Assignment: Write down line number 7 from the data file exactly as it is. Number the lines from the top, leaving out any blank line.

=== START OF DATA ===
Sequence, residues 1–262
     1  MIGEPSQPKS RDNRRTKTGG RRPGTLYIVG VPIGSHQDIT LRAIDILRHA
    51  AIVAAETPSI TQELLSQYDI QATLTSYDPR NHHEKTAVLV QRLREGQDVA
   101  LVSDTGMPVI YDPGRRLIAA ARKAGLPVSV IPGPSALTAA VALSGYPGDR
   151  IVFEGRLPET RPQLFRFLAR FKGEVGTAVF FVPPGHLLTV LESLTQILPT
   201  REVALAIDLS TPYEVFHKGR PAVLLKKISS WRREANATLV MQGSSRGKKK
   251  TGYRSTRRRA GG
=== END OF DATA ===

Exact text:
   251  TGYRSTRRRA GG